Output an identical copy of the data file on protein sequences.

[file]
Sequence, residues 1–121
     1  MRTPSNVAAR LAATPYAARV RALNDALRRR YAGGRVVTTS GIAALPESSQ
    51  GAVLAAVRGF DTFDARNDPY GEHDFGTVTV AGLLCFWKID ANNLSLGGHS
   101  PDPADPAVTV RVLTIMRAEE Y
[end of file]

Sequence, residues 1–121
     1  MRTPSNVAAR LAATPYAARV RALNDALRRR YAGGRVVTTS GIAALPESSQ
    51  GAVLAAVRGF DTFDARNDPY GEHDFGTVTV AGLLCFWKID ANNLSLGGHS
   101  PDPADPAVTV RVLTIMRAEE Y